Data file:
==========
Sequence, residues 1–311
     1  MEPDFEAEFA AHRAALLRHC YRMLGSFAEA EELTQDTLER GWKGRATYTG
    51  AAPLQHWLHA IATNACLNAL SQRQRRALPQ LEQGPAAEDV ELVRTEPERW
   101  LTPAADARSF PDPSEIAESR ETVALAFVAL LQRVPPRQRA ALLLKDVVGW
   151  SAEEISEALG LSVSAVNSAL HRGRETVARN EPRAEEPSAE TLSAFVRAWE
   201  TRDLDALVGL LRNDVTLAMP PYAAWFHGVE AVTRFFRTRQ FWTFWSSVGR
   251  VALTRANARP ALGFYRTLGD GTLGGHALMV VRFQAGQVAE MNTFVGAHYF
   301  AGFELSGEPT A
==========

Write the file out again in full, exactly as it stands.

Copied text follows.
Sequence, residues 1–311
     1  MEPDFEAEFA AHRAALLRHC YRMLGSFAEA EELTQDTLER GWKGRATYTG
    51  AAPLQHWLHA IATNACLNAL SQRQRRALPQ LEQGPAAEDV ELVRTEPERW
   101  LTPAADARSF PDPSEIAESR ETVALAFVAL LQRVPPRQRA ALLLKDVVGW
   151  SAEEISEALG LSVSAVNSAL HRGRETVARN EPRAEEPSAE TLSAFVRAWE
   201  TRDLDALVGL LRNDVTLAMP PYAAWFHGVE AVTRFFRTRQ FWTFWSSVGR
   251  VALTRANARP ALGFYRTLGD GTLGGHALMV VRFQAGQVAE MNTFVGAHYF
   301  AGFELSGEPT A